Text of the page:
After what at least seems like a long break from home and from Linux, I am now (as of yesterday evening) back at my parents’ house in Chanhassen, Minnesota, and using Ubuntu Linux.
This afternoon, at 4:00 p.m., I took a 45-minute walk around my neighborhood. Today also marked the first time I experimented with aperture priority (Av) mode on my Canon EOS R mirrorless camera and kit lens (24-105mm). I have a feeling I will be spending most of my time in aperture priority mode with the Canon EOS R — just as I have with my previous Nikon DSLRs.
Additionally, I have decided to stay with Ubuntu. My previous statement about it being a beginner Linux distro was perhaps naive. Ubuntu is one of the main Linux distros today, and it’s user-friendliness is a positive, not a negative. I also tried installing FreeBSD on another computer this morning. Unfortunately, I wasn’t even able to get to the FreeBSD Boot Menu, so this might take some work.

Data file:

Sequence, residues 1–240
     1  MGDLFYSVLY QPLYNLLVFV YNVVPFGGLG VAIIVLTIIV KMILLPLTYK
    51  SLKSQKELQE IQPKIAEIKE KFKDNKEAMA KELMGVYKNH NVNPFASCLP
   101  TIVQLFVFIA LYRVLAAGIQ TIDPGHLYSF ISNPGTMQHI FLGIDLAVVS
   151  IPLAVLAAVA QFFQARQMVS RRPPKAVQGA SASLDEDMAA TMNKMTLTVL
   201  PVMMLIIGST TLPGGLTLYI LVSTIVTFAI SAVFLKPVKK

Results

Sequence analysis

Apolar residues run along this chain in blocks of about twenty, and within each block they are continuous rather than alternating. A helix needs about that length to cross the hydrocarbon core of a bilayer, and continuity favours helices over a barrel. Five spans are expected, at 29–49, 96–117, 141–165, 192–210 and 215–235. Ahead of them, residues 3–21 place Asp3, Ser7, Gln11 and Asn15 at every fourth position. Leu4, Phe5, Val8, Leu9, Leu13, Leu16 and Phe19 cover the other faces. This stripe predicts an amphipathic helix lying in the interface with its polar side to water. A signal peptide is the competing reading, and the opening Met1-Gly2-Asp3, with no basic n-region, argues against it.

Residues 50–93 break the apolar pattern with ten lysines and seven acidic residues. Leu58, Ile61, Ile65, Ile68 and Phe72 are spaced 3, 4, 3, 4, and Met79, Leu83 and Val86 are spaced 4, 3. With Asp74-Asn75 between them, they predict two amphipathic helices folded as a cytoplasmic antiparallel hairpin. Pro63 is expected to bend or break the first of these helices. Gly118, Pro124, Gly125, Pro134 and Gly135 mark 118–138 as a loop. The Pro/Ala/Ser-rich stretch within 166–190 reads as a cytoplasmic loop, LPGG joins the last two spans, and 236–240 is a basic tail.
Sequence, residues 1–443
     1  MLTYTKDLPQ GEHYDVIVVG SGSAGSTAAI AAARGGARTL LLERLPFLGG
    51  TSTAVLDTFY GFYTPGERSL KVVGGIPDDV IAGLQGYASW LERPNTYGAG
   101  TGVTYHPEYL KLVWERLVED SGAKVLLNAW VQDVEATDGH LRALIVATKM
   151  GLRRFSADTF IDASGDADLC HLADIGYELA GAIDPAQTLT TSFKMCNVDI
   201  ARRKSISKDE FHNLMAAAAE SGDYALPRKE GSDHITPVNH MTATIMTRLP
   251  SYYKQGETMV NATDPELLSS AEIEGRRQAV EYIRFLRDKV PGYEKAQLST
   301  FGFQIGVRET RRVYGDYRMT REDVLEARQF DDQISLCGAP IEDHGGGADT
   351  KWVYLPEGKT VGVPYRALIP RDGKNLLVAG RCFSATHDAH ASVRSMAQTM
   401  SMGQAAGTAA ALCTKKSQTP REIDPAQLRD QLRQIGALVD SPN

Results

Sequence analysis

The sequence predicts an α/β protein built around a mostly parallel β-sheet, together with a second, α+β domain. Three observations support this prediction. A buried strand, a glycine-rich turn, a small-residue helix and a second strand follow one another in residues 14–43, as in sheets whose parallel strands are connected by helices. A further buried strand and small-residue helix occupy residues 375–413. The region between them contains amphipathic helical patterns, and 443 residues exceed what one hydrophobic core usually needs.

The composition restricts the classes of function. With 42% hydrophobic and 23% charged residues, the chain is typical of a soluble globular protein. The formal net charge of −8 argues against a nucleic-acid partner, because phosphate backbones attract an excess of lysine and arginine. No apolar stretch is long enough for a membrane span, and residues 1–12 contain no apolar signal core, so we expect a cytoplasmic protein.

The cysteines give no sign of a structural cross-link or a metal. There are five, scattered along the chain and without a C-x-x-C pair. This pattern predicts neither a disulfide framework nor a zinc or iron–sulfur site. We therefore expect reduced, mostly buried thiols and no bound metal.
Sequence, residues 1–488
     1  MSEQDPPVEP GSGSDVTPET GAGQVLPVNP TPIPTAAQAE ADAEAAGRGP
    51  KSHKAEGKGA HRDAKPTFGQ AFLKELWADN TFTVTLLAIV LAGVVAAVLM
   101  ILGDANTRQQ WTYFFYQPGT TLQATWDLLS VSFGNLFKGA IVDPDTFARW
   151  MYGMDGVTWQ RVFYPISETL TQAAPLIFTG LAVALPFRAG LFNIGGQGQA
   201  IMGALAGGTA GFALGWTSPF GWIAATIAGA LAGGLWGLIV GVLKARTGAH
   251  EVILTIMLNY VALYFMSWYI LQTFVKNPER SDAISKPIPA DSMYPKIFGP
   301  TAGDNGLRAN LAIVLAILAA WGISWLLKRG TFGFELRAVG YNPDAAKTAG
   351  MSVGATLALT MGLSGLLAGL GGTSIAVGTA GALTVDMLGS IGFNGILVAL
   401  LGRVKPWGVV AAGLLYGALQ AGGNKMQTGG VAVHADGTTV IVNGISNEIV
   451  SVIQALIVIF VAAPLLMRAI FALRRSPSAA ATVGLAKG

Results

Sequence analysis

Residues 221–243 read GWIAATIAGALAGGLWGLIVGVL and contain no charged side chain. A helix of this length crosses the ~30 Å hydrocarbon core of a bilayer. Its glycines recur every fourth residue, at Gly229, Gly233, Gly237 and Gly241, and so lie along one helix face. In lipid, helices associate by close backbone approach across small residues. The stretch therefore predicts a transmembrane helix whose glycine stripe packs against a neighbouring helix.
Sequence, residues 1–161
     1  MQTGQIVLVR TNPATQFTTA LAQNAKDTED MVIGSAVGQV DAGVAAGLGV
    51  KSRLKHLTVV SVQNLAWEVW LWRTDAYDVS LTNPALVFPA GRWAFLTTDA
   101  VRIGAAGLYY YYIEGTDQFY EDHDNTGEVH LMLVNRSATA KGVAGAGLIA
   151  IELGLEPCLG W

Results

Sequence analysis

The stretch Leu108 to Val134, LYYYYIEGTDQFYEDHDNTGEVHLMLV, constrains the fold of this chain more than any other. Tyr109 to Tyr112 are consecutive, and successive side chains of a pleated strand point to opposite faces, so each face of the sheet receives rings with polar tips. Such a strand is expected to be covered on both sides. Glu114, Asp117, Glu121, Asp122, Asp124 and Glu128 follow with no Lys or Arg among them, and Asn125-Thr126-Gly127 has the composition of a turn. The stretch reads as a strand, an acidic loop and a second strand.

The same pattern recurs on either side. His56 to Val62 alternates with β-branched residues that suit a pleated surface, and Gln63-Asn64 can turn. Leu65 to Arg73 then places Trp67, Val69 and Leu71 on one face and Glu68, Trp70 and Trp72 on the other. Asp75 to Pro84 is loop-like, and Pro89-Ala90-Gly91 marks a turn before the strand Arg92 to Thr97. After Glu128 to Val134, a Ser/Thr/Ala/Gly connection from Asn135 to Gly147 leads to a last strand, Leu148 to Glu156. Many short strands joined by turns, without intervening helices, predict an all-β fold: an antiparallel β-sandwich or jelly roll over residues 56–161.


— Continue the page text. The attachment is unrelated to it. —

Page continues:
I have been using a Windows laptop since March of 2019, since I had to move out of my parents’ house and into a dorm at the University of Minnesota. Later this year, I plan to buy another laptop and run a different Linux distribution. Ubuntu was easy to install and use, but I didn’t realize it was the Linux distribution often recommended to beginners. Therefore, I am going to try to find a different distribution that is more advanced. I have already researched how to install FreeBSD — another free and open-source Unix-like operating system — and I hope to use FreeBSD and other operating systems in the future as well.
I noticed these trees blooming on campus at the University of Minnesota last week and wanted to photograph one by Walter Library. Since March of 2019, I have been living in a dorm on the St. Paul campus of the University of Minnesota.